Thursday, December 10, 2009

In Defense of Literature

In the kind of situation where everything comes together in a cosmic one-ness, it turns out that How I Became a Famous Novelist ended up being a searing indictment of my attitude toward books in general. The narrator--who was ridiculously over the top in his scorn for literary writing--gets some major, serious comeuppance. Essentially, he gets schooled.

The big theme of the book is about truth. It's about how books tell the truth, and how, even when you flop at that, it's a worthwhile endeavor. And it's even about how people who write popular mysteries and Tom Clancy type thrillers are, at their best, trying to get something right, trying to tell something that they believe in--not literally, but in essence. That part, about how truth relates to fiction and how they're not opposites but close relatives, is so well said in this blog post by The Intern that I won't bother to remake her point. You should really read that post.

So this book--which is hilarious, and you should totally read it if you like books, because it's funny and the author is on the side of truth and justice--makes a point that I found really hit home. Basically, it's about a guy who calls bullshit on "lyrical prose" and whips together some junk that sounds like a bestseller. And lo and behold, it becomes a bestseller. But somehow, almost everyone sees through him. He's like a literary sociopath, faking all the things that normal people really feel and believe.

Now, I've always been up against this. I often find "literary fiction" to be like abstract art. I can see why Jackson Pollack is famous--look at one of his most famous pieces and they're truly beautiful. But if you take a middle-of-the-road piece of abstract art--something a museum might pay just a few thousand dollars for--and put it up next to something that someone slapped together in five minutes without thinking about it too hard, and I probably won't be able to tell the difference.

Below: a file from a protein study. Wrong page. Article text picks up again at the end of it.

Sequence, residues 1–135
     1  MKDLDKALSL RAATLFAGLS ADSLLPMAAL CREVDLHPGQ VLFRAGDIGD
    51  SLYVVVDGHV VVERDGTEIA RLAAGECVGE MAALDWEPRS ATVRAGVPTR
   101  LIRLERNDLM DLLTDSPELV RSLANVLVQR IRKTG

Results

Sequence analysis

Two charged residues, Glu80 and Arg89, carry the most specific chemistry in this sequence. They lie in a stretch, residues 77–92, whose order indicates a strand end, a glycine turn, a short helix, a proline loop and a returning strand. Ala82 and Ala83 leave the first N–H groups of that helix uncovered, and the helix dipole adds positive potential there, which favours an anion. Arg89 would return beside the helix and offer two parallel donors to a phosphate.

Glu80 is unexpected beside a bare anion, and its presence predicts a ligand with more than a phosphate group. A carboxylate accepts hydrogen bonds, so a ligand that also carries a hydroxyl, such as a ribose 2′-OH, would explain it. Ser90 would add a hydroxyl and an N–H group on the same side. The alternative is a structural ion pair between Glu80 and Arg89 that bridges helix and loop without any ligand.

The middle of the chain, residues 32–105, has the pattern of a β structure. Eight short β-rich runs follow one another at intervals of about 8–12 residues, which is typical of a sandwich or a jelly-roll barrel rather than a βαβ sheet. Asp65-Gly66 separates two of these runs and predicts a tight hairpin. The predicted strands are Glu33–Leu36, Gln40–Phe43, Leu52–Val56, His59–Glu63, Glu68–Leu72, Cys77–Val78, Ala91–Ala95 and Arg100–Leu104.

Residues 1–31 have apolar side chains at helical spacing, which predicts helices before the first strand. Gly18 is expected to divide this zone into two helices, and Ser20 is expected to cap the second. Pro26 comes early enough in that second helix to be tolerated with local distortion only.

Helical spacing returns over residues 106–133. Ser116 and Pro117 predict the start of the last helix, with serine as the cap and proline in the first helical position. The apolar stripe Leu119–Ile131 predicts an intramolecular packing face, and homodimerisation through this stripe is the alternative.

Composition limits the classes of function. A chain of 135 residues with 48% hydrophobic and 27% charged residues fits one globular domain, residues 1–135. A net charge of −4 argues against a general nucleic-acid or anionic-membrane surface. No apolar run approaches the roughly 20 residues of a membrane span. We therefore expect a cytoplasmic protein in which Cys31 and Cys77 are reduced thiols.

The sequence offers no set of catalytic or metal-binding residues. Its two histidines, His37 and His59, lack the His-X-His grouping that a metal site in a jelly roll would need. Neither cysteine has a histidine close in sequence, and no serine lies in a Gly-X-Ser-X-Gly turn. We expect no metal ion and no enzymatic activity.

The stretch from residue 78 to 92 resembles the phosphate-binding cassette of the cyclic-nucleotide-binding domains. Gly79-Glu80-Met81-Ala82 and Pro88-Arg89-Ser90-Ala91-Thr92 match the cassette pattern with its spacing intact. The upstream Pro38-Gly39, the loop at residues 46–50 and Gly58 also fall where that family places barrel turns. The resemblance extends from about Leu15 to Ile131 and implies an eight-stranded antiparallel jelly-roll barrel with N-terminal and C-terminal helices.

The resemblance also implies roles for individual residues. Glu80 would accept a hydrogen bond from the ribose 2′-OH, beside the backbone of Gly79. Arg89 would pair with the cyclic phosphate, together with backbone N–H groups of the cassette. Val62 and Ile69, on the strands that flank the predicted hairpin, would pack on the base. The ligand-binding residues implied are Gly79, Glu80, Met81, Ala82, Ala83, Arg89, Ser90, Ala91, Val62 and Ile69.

Now, this is probably less a comment on the art than it is on me as a viewer. But can you blame me for not wanting to hang it in my house?

So: do I dislike, do I scorn literary fiction? I can see how I come off over the top in this as I do in--well, most everything, really. But no--some of my favorite books are things like Cloud Atlas, Lying Awake, Knowledge of Angels. How do you even define literary fiction, anyway--non-genre? No, I'm not that demanding.

So here's what I like: a story in which something happens. This does not have to be a big something: in most nun books, they just pray and eat and chat and occasionally work in a hospital. The something can be entirely internal. But there must be significant change, significant motion in the story--the story must be driving at something.

What I don't care for: lots and lots of minutely observed detail about the lives of normal people with nothing much going on. (The exception to this is if it's really funny.) I enjoy good writing, but the perfect word choice doesn't keep me in a book. It's what occurs in the book--not just epic struggles or fast-paced events, but people doing and feeling and trying and realizing and deciding.

And there has to be a reason. Even if I can't put it into words, I have to feel like I understand why you're telling me this story, and why you think, it's worth it for me to read it. Maybe I'll disagree with you, and that's fine, but if I don't even understand what you think is important about the story, then I might call foul.

So I think my point is, I'm no Pete Tarslaw (he's the main character, read the book). Also, you should really, REALLY read How I Became a Famous Author, by Steve Hely. Superb stuff.

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